Tramways Union: from new driver to union president in 18 months

My first year or so on the Wellington buses I was just learning the ropes. Firstly I had to learn all the bus routes. Then I had to remember to stop and pick up passengers. Thirdly I had to relax driving something the size of a small building around the narrow hilly streets of Wellington – many of which are narrow in the car.

Unionism played a prominent role in the life of the bus depot. As mentioned in my previous post, at the time I started there were two unions (one brought in by the company) trying to sign up new drivers. Our first couple of weeks training were held away from the bus depot. Our trainer was clear when asked about the union situation – “don’t join the tramways union, filthy Phil is no good.” Filthy Phil was the long serving secretary of the Tramways Union. He was well known for wearing shorts and jandals all year around. He’d been the secretary at the time of the bus company being privatised, where the union had against the odds held on to penalty rates and other conditions of employment. Not surprisingly, he made a few enemies within the bus company.

My first involvement with the Tramways Union was giving evidence in the Employment Relations Authority that during training the company had promoted one union over the other. The Filthy Phil quote was included in my evidence. The Tramways Union eventually won the case and the other union were no longer on site.

My first drivers stop work union meeting was an eye opener. It had been some years since the Tramways Union had held full branch elections, and a number of drivers were irate. Further drivers were very angry about the company trying to attack penal rates. Phil attempted to run this meeting amid constant heckling, in particular from one vocal driver called Josie Bullock who seemed to have a real axe to grind with the union. The purpose of this meeting was to approve claims for the next bargaining round. At the end of the meeting they were nominating members of the bargaining team. I hadn’t really thought about it, but before I knew it one of the drivers had nominated me. So a few months after starting I was representing drivers at negotiations.

The first bargaining meeting was interesting. The company presented their claims, which from a driver’s point of view looked like the script of a bad horror movie, where conditions were slashed and where the company would shift the balance of power firmly to the employer and a long way away from the drivers. Examples of this were the reports, complaints and enquiries procedure in the collective. The existing clause had a robust process for investigating complaints which incorporated the principles of natural justice. The company proposed to replace this with wording that would have made it much easier to sack bus drivers on flimsy complaints. As a negotiating team we worked hard to stop that. We also tabled our own claims, which included a significant increase to all printed pay rates in the agreement. By the end of the meeting it was clear we were miles apart.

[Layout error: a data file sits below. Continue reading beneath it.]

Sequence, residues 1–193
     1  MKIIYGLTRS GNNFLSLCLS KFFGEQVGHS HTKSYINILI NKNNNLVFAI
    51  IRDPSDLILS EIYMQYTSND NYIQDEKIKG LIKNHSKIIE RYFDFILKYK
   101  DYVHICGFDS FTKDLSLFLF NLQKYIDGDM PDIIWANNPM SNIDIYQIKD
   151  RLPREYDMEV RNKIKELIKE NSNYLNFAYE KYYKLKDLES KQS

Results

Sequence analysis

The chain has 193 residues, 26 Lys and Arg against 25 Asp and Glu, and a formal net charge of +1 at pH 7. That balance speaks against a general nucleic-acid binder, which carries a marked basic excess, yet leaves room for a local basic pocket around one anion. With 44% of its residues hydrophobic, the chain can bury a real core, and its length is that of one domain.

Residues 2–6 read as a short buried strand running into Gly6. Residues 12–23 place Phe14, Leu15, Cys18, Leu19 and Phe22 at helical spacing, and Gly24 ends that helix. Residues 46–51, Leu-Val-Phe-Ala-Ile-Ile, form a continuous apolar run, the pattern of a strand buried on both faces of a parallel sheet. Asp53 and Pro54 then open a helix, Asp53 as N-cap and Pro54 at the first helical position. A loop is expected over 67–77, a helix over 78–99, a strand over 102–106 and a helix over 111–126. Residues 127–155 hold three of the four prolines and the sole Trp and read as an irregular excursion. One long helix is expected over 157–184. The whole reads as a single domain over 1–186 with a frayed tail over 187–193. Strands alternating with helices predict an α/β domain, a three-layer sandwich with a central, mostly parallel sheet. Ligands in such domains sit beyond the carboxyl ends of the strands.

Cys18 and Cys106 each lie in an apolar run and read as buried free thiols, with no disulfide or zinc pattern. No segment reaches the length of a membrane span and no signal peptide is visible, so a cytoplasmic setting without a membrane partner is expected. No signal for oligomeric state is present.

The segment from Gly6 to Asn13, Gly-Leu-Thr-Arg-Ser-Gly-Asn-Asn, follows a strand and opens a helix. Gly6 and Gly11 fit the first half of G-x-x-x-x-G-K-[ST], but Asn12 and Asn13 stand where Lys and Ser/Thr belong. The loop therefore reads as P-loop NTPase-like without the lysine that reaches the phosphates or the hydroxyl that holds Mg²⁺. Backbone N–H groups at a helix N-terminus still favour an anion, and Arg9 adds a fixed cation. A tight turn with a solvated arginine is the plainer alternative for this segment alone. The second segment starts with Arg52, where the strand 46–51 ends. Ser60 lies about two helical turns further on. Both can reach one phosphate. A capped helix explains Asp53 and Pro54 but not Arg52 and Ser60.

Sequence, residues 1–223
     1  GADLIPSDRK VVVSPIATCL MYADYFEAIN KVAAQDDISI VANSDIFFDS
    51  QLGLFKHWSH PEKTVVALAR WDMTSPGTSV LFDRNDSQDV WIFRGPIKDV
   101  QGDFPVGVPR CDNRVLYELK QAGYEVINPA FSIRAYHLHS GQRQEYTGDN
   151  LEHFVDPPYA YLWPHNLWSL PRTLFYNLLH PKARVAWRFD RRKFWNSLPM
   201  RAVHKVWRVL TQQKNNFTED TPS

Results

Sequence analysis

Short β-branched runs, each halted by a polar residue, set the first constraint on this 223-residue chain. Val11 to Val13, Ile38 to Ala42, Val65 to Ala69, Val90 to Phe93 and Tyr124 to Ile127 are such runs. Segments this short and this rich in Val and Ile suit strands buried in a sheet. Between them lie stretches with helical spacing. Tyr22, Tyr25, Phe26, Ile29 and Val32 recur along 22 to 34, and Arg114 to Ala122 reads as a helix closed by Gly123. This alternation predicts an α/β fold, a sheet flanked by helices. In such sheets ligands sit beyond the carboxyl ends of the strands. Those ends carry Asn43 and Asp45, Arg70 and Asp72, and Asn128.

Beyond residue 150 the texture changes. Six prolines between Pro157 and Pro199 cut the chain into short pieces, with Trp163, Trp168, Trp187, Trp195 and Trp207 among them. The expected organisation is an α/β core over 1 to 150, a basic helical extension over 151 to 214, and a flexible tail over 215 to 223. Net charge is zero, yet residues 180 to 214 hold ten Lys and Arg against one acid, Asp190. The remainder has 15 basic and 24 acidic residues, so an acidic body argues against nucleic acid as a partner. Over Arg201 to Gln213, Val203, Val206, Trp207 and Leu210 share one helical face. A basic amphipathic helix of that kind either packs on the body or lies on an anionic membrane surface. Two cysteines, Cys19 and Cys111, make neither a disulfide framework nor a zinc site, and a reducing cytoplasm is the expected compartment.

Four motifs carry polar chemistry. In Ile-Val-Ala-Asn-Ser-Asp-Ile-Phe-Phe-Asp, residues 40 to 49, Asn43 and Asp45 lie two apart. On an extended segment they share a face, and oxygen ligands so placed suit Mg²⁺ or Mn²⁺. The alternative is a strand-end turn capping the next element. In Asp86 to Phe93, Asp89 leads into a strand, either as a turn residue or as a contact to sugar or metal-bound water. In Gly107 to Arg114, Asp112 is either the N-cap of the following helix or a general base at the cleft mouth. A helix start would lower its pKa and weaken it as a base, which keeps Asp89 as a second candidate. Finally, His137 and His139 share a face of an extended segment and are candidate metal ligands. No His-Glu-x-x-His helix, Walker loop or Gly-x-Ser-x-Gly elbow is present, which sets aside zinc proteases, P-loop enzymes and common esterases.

At the start of the next negotiations, the union decided to meet a few hours beforehand to plan our response. Phil was half an hour late. We tried to call him but he wasn’t there. Kevin O’ Sullivan the union president and Graeme Clarke from the Manufacturing and Construction Union (who was advocate for the workshop workers) went around to Phil’s house. When they got there they discovered he had died.

Phil’s funeral in June 2008 was well attended, and buses in the city stopped for hours. Phil had played a massive role in the Wellington Tramways Union, and there was concern about what would happen to it now he was gone.

Negotiations continued, and we as a bargaining team made some progress on getting the company to moderate their position. However getting movement on pay increases was slow. Mediation services got involved with the hope of bringing us together. However we felt it was likely that industrial action would follow.

At first I hadn’t seriously considered running for the union executive. Kevin O’Sullivan the president had become acting secretary and was considered the front runner for the role. Former union president Morris Dawson had joined us on the bargaining team, but he didn’t want to be more than a site delegate at that time. Chris Morley was considering running, but was more interested in the Vice President role. Kevin O’Sullivan asked if I’d consider running, and my initial response was that I was too junior. But I thought about it. I then remembered that my old adversary from the Labour Party, Paul Tolich, had once been the Tramways Union President. Shortly afterwards I decided to run.

Karori Depot bus driver and friend Alan St John. After the 2008 Tramways Union elections Alan joked “Chris Morley, Kevin O’Sullivan and Nick Kelly, the bloody Irish Catholics have taken over the union

Page 7 of this Rail and Maritime Union newsletter reports on the Tramways Union election and looming industrial dispute at Go Wellington.

I was elected by a fairly sizeable majority, as were Chris and Kevin. The negotiations were progressing, but we still hadn’t lifted the pay offer to an amount that drivers would accept. My first few weeks as Union President were about to become very busy.

Earlier posts in this series:

Why Trade Unionism

“Its a shit job, it pays shit money and if you don’t like it you can fuck off” – My introduction to bus driving

Earlier Blog posts about Nick:

School uniforms and the young Nick Kelly

Why the Labour Party

Radical Socialism

University and Student Politics

The Iraq War

Student Fees

VUWSA Campaigns

Blogs and the Political Establishment

The Student Union Building

VUWSA President – the realities of leadership

Post VUWSA Executive

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